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By Lawrence Bush From the Autumn, 2014 issue of Jewish Currents Discussed in this essay: Who Owns the Future? by Jaron Lanier. Simon & Schuster, 2013, 416 pages; Mindless: Why Smarter Machines are Making Dumber Humans, by Simon Head. Basic Books, 2014, 240 pages; Imagine Living in a Socialist USA, edited by Frances Goldin, Debby Smith, and Michael Steven Smith. Harper Perennial, 2014, 304 pages. THE PROCESS OF REDESIGNING Jewish Currents this past summer got me thinking about how much technology and the working world have changed since my first stint with the magazine, more than thirty years ago, as assistant editor. Jewish Currents was then a black-and-white, fit-in-your pocket publication, with very few illustrations — but the way it was prepped for the printing press was even more different from today than its design. We would send our edited manuscripts over to the print shop by messenger, where a typesetter set the articles in hot lead type. Hot type! If there was a photograph or drawing to include, a stamp-like printing block would be created in a sophisticated process that I don’t fathom to this day. A layout artist put together the “paste-up,” and “galleys” were printed out for proofreading. With errors corrected by the typesetter, the job manager looked over the job, the platemaker made plates, and the magazine went on press, then off to the bindery. There were at least three or four people making their living out of this, apart from Morris U. Schappes and me — and they were union jobs, adequate to sustain a household in New York. Today, I do nearly every bit of this work by myself, except for the actual printing and binding, on a desktop computer. Thanks to miraculous software, I am doing the work of three or four people in less than a third of the time. Such efficiencies help make editing Jewish Currents into a fascinating and wide-ranging job — but they also exemplify the elimination of thousands upon thousands of blue- and white-collar jobs from the American economy. In Who Owns the Future?, technologist and musician Jaron Lanier describes similar processes of computer-driven obsolescence in several industries, beginning with recorded music, which is now propelled by downloads and live concerts. These trends, along with the growth of computer-enabled home studios, have made job opportunities more scarce for recording engineers, studio musicians, CD manufacturers, and music store salespersons. Lanier also describes the downturn in jobs for journalists (widely replaced by amateur bloggers), photographers (the field has been entirely “democratized” by smart-phone cameras and other digital devices) — and, in the near future, truck drivers (due to be replaced by robotic trucks), nurses (due to be replaced in many positions by health-care robots), and numerous other “pencil-pushers” and middle-management information workers, all of them put out of work by computers. For those who do manage to hang onto their jobs, regimentation and dehumanizing “efficiencies” formerly associated only with factory assembly lines are the new working conditions. That is the reality described by Simon Head, a scholar at Oxford and New York University, in Mindless: Why Smarter Machines are Making Dumber Humans. Computer Business Systems (CBS) are bringing “the disciplines of industrialism to an economic space that extends far beyond the factories and construction sites of the industrial economy of the machine age,” Head writes, “to wholesale and retail, financial services, secondary and higher education, health care... and even the fighting of America’s wars.” Such systems enable the hierarchical monitoring of workers in real time, instantaneous feedback or punishment, and the codification of “best practices” (that is, the most productive, if not the most humane, ways of doing things) for every activity of the workday. UPS (UNITED PARCEL SERVICE) IS A GOOD EXAMPLE of a company so overtaken by a Computer Business System that, notwithstanding its fighting union, Big Brown has become Big Brother. “Every second of a driver’s day is monitored, through GPS, the touch-screens where customers sign for packages, and ‘telematics’ — 200 sensors mounted on each truck,” writes Jane Slaughter at Labor Notes. “Supervisors know what time a driver got out of his truck to deliver a package, how long it took to get the customer’s signature, and how long to drive to the next stop. They know each time a driver backs the truck up — a violation of UPS ‘methods.’ They know about ‘harsh braking’ and the amount of time the truck is idling.” This is capitalism at its most monitored, frenetic, and profitable for the very upper crust of society, for whom “worker productivity” is a goldmine. It is a capitalism in which, as Jaron Lanier puts it, “an amazing number of people offer an amazing amount of value over [computer] networks. But the lion’s share of wealth now flows to those who aggregate and route those offerings, rather than those who provide the ‘raw materials.’” Lanier’s proposed solution for the particular problem he identifies — the monopolization of the Internet — is a universal “micropayment” system in which everyone participating in information technology would receive payments commensurate to their participation, so that the “pie” of the entire Internet is not shared solely by the owners of Google, Facebook, Twitter, and others who control the largest, most central computers. For Simon Head, the solution to the tyranny of computer business systems is embodied in “alternative, employee-friendly cultures” such as “the culture of German codetermination and labor-management partnership” or “the Scandinavian tradition of employee participation in software system design...” The only way to expand such efforts beyond the “particular location or company,” however, is through a politically “dominant coalition” that would include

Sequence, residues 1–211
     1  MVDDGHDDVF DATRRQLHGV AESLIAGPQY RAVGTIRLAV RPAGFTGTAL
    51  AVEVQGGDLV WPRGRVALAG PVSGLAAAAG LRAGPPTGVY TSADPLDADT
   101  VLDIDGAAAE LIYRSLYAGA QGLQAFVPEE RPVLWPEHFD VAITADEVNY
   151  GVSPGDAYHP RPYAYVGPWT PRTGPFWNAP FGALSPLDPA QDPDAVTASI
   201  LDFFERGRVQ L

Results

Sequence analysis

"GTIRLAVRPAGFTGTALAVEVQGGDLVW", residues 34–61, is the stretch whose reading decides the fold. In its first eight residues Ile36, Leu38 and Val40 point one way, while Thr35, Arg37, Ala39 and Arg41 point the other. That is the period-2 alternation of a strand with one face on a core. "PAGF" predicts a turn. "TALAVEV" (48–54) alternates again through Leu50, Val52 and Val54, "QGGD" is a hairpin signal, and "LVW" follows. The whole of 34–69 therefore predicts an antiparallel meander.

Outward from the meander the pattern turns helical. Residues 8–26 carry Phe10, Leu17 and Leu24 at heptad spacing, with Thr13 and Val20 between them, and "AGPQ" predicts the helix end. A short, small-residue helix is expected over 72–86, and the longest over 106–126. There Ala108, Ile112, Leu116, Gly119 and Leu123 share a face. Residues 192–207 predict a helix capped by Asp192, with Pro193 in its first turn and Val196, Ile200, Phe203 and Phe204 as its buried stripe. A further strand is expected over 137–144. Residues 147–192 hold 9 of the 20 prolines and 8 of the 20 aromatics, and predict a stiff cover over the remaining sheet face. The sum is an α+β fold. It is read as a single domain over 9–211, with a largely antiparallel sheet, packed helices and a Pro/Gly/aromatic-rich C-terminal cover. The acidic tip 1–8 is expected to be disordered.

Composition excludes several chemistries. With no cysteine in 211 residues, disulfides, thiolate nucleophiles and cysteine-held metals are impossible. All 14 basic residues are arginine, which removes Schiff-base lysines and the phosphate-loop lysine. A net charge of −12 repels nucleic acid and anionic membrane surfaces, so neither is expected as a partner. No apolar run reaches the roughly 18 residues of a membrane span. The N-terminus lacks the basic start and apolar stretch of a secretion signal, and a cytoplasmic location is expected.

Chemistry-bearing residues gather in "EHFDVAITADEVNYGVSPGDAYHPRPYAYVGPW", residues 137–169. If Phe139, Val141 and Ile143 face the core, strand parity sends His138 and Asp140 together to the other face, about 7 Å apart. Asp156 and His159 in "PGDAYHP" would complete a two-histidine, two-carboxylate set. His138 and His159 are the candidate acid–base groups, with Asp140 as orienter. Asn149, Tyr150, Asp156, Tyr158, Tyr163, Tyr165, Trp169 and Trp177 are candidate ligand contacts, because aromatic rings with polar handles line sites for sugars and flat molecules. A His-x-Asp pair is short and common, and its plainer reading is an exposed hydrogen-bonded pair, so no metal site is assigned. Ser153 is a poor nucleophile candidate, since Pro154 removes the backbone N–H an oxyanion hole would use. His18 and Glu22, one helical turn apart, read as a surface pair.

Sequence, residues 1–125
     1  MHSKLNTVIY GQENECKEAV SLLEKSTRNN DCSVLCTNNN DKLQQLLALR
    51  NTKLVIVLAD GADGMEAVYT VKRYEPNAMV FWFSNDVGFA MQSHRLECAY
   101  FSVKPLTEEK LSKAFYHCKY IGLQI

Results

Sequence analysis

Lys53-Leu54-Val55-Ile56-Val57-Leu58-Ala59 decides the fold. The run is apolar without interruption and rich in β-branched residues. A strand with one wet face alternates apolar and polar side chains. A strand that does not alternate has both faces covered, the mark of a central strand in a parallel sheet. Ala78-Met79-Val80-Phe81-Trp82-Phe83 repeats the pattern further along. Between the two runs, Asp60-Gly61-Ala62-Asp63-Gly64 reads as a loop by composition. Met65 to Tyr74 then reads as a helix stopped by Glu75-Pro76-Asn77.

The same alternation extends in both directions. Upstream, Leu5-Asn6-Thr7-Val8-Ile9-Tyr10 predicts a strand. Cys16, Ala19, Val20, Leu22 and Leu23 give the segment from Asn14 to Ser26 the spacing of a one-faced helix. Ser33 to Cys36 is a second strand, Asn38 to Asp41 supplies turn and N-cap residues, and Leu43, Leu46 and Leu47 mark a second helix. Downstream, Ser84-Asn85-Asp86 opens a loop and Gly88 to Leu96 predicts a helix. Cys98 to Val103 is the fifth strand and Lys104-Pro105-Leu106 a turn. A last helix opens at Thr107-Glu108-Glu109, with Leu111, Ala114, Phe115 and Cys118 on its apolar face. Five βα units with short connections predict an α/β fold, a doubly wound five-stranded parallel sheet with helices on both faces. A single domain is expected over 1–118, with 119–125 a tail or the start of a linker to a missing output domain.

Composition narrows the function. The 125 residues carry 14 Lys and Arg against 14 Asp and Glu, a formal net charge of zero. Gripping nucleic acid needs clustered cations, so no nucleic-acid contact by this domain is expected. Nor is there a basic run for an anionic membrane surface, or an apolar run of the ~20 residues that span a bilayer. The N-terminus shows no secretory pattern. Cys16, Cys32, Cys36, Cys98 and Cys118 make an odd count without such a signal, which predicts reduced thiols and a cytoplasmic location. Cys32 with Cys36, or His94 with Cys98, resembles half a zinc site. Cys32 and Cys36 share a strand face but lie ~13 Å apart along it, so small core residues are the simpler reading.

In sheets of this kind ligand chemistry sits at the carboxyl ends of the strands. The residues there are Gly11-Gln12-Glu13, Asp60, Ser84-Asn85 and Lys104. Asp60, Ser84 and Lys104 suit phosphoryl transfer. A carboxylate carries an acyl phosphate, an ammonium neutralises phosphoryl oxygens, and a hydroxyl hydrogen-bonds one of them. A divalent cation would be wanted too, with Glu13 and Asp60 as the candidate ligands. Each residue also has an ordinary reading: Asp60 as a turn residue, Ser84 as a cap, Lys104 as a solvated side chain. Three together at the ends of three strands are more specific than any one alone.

low-income minorities and whites of the Walmart and Amazon world, middle managers and middle administrators whose real incomes have been steadily eroding, and even nonelite professionals.... [T]he progressive critique of the economy [should] include the issues of white-collar industrialism...BOTH LANIER AND HEAD DESERVE A SALUTE for at least attempting to suggest ways of taming the beast. Such suggestions too often seem beyond the powers of progressive thinkers, ever since Karl Marx spent pages and pages of ink unveiling the hidden nature of capitalism (in Das Kapital) yet only managed a fairytale vision of a post-revolution state of social bliss (in The Communist Manifesto). Many socialists seem satisfied to offer their critique of capitalism and perhaps live their lives in an “alternative” way (hybrid cars, free-range chickens, never shopping at Walmart’s), thereby claiming a kind of innocence from “the system” — but it’s much more rare that they offer a vision of what happens after we nationalize an industry, after we pass laws that restrain private wealth and power, after we topple some of capitalism’s ideologues and taste-makers from positions of influence, after we empower the marginalized to take more decisive public roles in society. How might we create a sustainable, share-the-wealth economy without wrecking creativity and entrepreneurial energy? What should be the rules about private property ownership, and how might public support for those rules be cultivated to avoid a widespread renters’ mentality? What curbs, if any, should be placed on advertising and other consumerist tools, and how will such curbs be reconciled with free speech? How might we overturn militarism without surrendering to militaristic cultures? How might we restrain carbon and methane emissions without sacrificing our material possessions? How might we have democratic discussions about “how might we” in our computer age? To my mind, it is a foremost responsibility of people who call themselves socialists to define what it is they’re actually envisioning and to wrestle with the likely contradictions that each innovation will bring in its wake. Given the grotesque results that “planned economies” have produced in our lifetimes, I especially want to know how we envision dealing with the contradictions between “planning,” “regulating” and “sharing,” on the one hand, and “individual liberty,” “freedom,” and “creativity” on the other. Failing to do so, we leave the defining of socialism in the hands of anti-socialists, and we leave optimism and enthusiasm about the human future in the hands of libertarians, futurists, and capitalist cheerleaders. IN THE LATE 1990S, I TRIED TO FULFILL THIS DEMAND for a leftwing vision by proposing to create a facsimile of the New York Times dated January 1, 2000 and filled with marvelous news about a world redeemed. I drew a cartoon showing the front page of that imaginary edition and proceeded to line up commitments from a few well-known progressive thinkers to write lead articles on topics in which they specialized. My idea was to have activists create reports about solutions to our world’s multiplicity of crises, in the matter-of-fact style of the New York Times. At the bottom of each article, there’d be a blurb: Want to make this real? Contact such-and-such an organization. The parody would serve as an organizing and fundraising tool, and challenge leftists to move beyond critiquing what is to the harder task of envisioning what might be. (There’s an updated version of my front page at the start of this article.) Sadly, the project never made it past the drawing board. I brought it to my literary agent at the time, the estimable, radical Frances Goldin, who told me that publishers would not be willing to distribute a facsimile newspaper, period. So I dropped the idea. Now, fourteen years after the millennium, the same Frances Goldin — a life subscriber to Jewish Currents who is nearing 90 — has come out with her own vision of a world redeemed, as co-editor (with Debby Smith and Michael Steven Smith) of Imagine Living in a Socialist USA. The book is filled with essays with promising titles — “Prometheus Completely Unbound: What Science and Technology Could Accomplish in a Socialist America,” “Imagining Art After Capitalism,” “How Queer Life Might Be Different in a Socialist USA,” “A Woman’s Workday in a Socialist USA” — and the writers include such veteran activists as Angela Davis, Frances Fox Piven, Michael Moore, Michael Ratner, and two dozen others with impressive movement resumés. Only a few of their essays, unfortunately, take on the tasks of imagination that I’m demanding. Most hardly move, in fact, beyond condemnation of capitalism’s many negatives to wrestle with the contradictions that the striving for socialism would inevitably produce. Instead they depend on the appealing messianic fantasy that human beings, released from the competitive and fear-ridden culture of capitalism, will simply become generous world citizens overnight. Problems solved! Activist scholar Joel Kovel, for example, in “The Future Will Be Ecosocialist, Because Without Ecosocialism, There Will Be No Future” — an important essay simply for its emphasis on the primacy of environmental concerns — asserts that as society moves “from the generalized production of commodities to the production of flourishing, integral ecosystems” and releases people “from the capitalist rat race,” we will “recognize ourselves as natural creatures and part of nature,” and therefore be motivated to develop an ecologically aware economic system. It’s a very nice thought — but modern scholarship seems to show that in centuries past, indigenous peoples in places ranging from Papua New Guinea to North America, without the logic of capitalism driving them, were nevertheless capable of hunting species to extinction. Efforts at building and sharing “the commons” have similarly often ended in the “tragedy of the commons,” the overuse and neglect of common property. Human greed and overreach, in other words, are not simply capitalist diseases. Kovel’s mistake is to treat capitalist rapacity as though it were imposed upon the human race by invaders from another planet, rather than seeing it as a reflection of certain human drives. Of course, we can cultivate other human drives — towards cooperation, social bonding, reverence, nurture — but it will take much more than the abolition of what Marx called “commodity fetishism,” and it’s that “more” that I want most to read about. Attorney Michael Steven Smith, one of the editors of this volume, displays a similar naiveté about human beings when he writes in his essay, “Law in a Socialist USA,” that in a “democratically organized society that has done away with capitalist private property... the rule will become ‘from each according to their ability, to each according to their need,” and there “will be no need for law as we know it. Human relations will become regulated more by custom, as they once were before the advent of class society.” These are disturbingly glib ideas, given what has been defined as “socialist legality” under communist rule around the world. Is Smith really satisfied by a socialism without any contractual defining of mutual accountability, and without any legal checks on those in positions of power? Is he really prepared to return civil rights, civil liberties, marital law, and labor law to the rule of “custom”? Like where, in Afghanistan? Or in the Satmar community? THANKFULLY, THERE ARE SEVERAL ESSAYS in Imagine Living in a Socialist USA that do move somewhat further into the complications of an imagined socialist system. Arun Gupta, cofounder of the The Indypendent, reckons with food production and distribution with some details about how he would “rethink daily life, from housing and community to work and leisure,” to achieve a global but community-based food system. Fred Jerome, author of a trilogy of books about Albert Einstein’s political life, imagines a post-capitalist news media run by labor unions, government agencies, and “a plethora of noncommercial sponsors,” and even suggests some headlines. While Jerome, to my mind, greatly underestimates both the dynamism and independence of the media and the risks of government involvement in the “Fifth Estate,” at least he puts his political imagination to work. Michael Moore details ten practical steps towards establishing a social democratic America, and makes the struggle for it seem plausible. Radical educator William Ayers imagines a public education system in which “middle-school students might spend a year exploring the environment of their neighborhood, mapping everything from housing and labor patterns to health and recreation and crime statistics,” and schools in general “would resist the overspecialization of human activity, the separation of the intellectual from the manual, the head from the hand, the heart from the brain, the creative from the functional.” Renate Bridenthal (seven of the twenty-nine essays in this book are by women) imagines “A Woman’s Workday in a Socialist USA,” which includes “a shortened workweek of, say, twenty-five hours,” which “frees up time for personal and family affairs,” as well as a return home to “choose to make dinner with your partner or to eat in the dining room of your communally owned living space.” And science-fiction writer and biographer Terry Bisson, in the only work of fiction in the collection, imagines an intergenerational Thanksgiving dinner in 2077, about half a century into the socialist revolution, that reveals a society much transformed but still filled with challenges, disagreements, and all kinds of personalities. The story is the best demonstration in the book of the power of art to catalyze deep thinking about human possibility. There is a glaring absence of young writers in Imagine Living in a Socialist USA, which may partly explain why the book lacks detailed vision about what “the revolution” could look like. For the most part, the essayists are academics, attorneys, or artists whose lives, I would guess, are really no more communal or experimental today (once upon a time, perhaps) than the lives of their neighbors. The missing generation, from the Occupy movement to the organic farming movement to the coop movement and so on, may not call their experimentation “socialism,” but they are certainly living the alternatives. My own generation of socialists, on the other hand, judging from the essays in Imagine, seem content simply to utter one hundred condemnations of capitalism per day, the way an Orthodox Jew is bid to recite a hundred blessings, and thus be counted among the chosen. WHEREFORE MY SARCASM? I guess I’m afraid of revealing myself, in my very attachment to the notion of “socialism,” as just another baby-boom dinosaur — and I feel embarrassed by the inability of my betters to lend the term actual substance. I’m also upset by the alacrity with which they condemn capitalism (which has produced a comfy lifestyle for many of us) without looking over their shoulders at the life-squeezing contradictions of the 20th century’s “planned economies.” And I’m frustrated by the fact that the most optimistic and spirited writings about the human future are coming, these days, not from visionary socialists but from venture capitalists and anti-government libertarians who advocate constant inventiveness and constant change, and seem to have the ears of younger generations. Despite my upset, however, I hold fast to my belief that all economic activity, all wealth-creation, is incontrovertibly social — and that this reality principle must somehow be reflected in the distribution of wealth or human society gets ugly and distorted. The moral implications of this are reflected in fundamental concepts of Jewish philosophy and religious law — in the concept of the Jubilee Year, which mandates the redistribution of wealth every half century; in the concept of tsedoke, the sharing of wealth, as an act of justice, not charity; in Judaism’s foundational story of liberation from class slavery; and in many other principles that I have written about before and will write about again in Jewish Currents — and I find that this coincidence of socialist and Judaic principles raises both in my esteem. I also understand socialism to require, however, not only public ownership of the means of production, and not only the equitable sharing of the wealth produced, but the development of the social capacities of human beings, psychologically, spiritually, and practically — and I recognize that whenever we talk about the transformation of human beings, we need to tread very lightly and keep a very healthy distance from totalitarian culture. It is this concern that is almost entirely absent from Imagine Living in a Socialist USA, which makes the book feel antique. Lawrence Bush is the editor & publisher of Jewish Currents.